The Diaphragm makes it possible, in order to control the vapor flow directions, the macroscopic and local vapor speeds and process variables p, T, etc., to achieve further manipulations and optimizations of a suction flow driven by an external pump system, which are put forward and explained in the following SECOND PART of this patent specification. They afford a solution to the diversity of requirements in material production from the vapor phase, in this solution the production of alloyed workpieces and surfaces being only two of the potentially highly diverse examples of use. They cover borderline cases in the problems of vapor deposition, including those with locally very high flow speeds (cf. SECOND PART of the invention) along with very diverse plant volumes and vapor source and deposition surfaces. The Diaphragm* is therefore a universal structural part in small-scale and large-scale versions and is also used for increasing the productivity of CVD and CVR processes (CVD: chemical vapor deposition, CVR: chemival vapor reaction). Thus, it affords an advance particularly for CVD processes in which different surface reactions require a fine state control of the individual constituents of the overall reactand gas and/or of the overall reactand gas itself in the reactor space (FIG. 5).

FIG. 5 shows a diagram of a CVD process operated by vacuum, with a conveying flow Qv controlled by a porous diaphragm Diaphragm* , here with Ex=exhaust, Sc=scrubber, Vc=vacuum pump, TPC=total pressure control, R=reactor, GMV=gas mixing vessel, FM=flow meter, GB=gas bottle, Ev=evaporator, Su=sublimator, G=generator, P=purge. Furthermore, the porous diaphragm Diaphragm* is used for controlled surface bombardement (FIG. 6). FIG. 6 shows a porous diaphragm Diaphragm* for controlling the activity and/or reactions on CVD surfaces by surface bombardment, produced by vacuum, with an angle of impact κ, relative to the suction effect of the reaction product flow, here with Re=reactants, r=reactor, c=coating, S=substrate and ReP=reaction product.

The main advantages of Diaphragm*-controlled interactive (intercommunicative) gas and vapor routing in indirect and/or direct proximity to the reactive zone include:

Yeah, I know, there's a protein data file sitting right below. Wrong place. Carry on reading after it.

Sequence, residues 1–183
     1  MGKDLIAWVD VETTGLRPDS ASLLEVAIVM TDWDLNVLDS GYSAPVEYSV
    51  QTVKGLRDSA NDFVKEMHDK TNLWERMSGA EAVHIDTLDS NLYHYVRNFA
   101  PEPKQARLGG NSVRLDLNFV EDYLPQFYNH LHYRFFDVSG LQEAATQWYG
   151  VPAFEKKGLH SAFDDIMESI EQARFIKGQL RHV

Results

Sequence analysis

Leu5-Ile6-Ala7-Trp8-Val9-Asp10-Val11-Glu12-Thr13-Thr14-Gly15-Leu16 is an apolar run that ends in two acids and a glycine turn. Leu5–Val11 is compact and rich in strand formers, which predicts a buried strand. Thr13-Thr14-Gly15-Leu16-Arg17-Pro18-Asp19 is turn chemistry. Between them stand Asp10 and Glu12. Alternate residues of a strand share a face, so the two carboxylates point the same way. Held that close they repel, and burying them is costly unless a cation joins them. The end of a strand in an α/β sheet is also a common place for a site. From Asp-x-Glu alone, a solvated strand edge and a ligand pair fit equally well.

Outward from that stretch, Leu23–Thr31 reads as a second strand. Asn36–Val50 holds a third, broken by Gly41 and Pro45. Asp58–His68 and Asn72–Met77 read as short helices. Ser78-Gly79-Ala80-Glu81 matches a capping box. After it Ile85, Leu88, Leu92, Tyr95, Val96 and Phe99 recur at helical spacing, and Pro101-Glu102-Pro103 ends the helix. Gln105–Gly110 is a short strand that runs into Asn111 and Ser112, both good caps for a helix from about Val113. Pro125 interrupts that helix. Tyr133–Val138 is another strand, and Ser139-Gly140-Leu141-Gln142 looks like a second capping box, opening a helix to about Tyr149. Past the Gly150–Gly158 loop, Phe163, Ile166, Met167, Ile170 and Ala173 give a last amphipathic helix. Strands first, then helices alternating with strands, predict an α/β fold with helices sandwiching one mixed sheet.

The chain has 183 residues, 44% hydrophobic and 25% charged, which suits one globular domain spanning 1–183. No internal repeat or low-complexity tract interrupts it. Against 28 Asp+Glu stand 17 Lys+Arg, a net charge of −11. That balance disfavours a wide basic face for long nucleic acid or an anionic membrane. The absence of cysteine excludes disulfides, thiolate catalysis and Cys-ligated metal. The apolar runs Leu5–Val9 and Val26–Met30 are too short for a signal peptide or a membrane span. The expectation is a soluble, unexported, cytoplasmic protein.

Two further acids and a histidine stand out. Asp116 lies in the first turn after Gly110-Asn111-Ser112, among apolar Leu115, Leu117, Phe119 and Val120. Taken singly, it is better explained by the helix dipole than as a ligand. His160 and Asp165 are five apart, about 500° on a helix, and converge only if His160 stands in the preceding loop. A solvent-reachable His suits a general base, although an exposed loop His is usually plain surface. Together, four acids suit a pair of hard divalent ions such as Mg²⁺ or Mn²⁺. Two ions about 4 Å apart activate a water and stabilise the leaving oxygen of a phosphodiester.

1. flexibility with regard to the operative temperature gradients over the cross section of the Diaphragm* and, to that extent, as regards composition of the vapor mixtures to be generated (i.e. a positive, a negative and a “zero” T-gradient is possible).

2. flexibility with regard to control of the transdiaphragm pressure drop between two chambers (very small and very large pressure drops are possible).

3. dependence of the conveying flow (or vapor mass flow, i.e. the material conveyance of all components), not vice versa, and therefore high flexibility in the operative productivity and product selection of a given plant type (cf. FIG. 5).

4. flexibility with regard to vapor/gas conveying and/or mass flow allowed through a Diaphragm* at a given pumping speed S.

5. flexibility in the transdiaphragm heating of the gases/vapors per flow duct.

6. flexibility with regard to transdiaphram flow speeds and acceleration.

7. flexibility in transdiaphragm gas/vapor flow routing (e.g. via a system of “ramified” flow ducts) for controlled shaping at the outlet of the last Diaphragm* before deposition, in conjunction with flow shapers having very low resistance coefficients cW (cF) at the outlet of the flow ducts (cf. EP-Application94111991.9, Aug. 1, 1994, and PCTApplication PCT/EP95/02882 of Jul. 19, 1995 and FIG. 7), consequently high flexibility in the control of (i) the shape and size of the vapor deposited as a blank and/or semifinished product (cf. FIG. 7a) and of (ii) the resulting local speed and pulse control shortly before deposition.

8. flexibility in the control of undesirable condensation on the in conjunction with 1.-7.

FIG. 7a shows variants of the porous diaphragm Diaphragm* before deposition for the controlled shaping of the blank during vapor deposition, including controlled deviations from a uniform blank thickness, here as a function of a) the bend of the porous diaphragm backside in the case of a constant outflow duct density, b) the outflow duct bend and c) the density of the outflow ducts on the porous diaphragm backside. FIG. 7b illustrates a controlled blank and/or layer and/or film formation by means of a porous diaphragm Diaphragm* before deposition, here a shortened transition from a uniform (PIE) to an exponential distribution (RE) of the flow speed by the use of trumpet-like (i.e. diffuser-like) shaped flow duct outlets. A suitable choice of the opening angle δ in the range of 0°≦δ≦30°, preferably 0°≦δ≦15°, results, in the abovementioned process, in a significant shortening of the flow duct for the purpose of stabilizing the profile of the flow speed, allowing control of the accommodation coefficient αTA) and consequently a controlled deposition capacity Q(A). DC=continuous diffuser (α=8° to 10°). FIG. 22-1 shows the development of the transdiaphragm speed profile of a free flow jet as a result of a pressure drop in a diffuser with PP=main part, NE=core and CL=layer limit.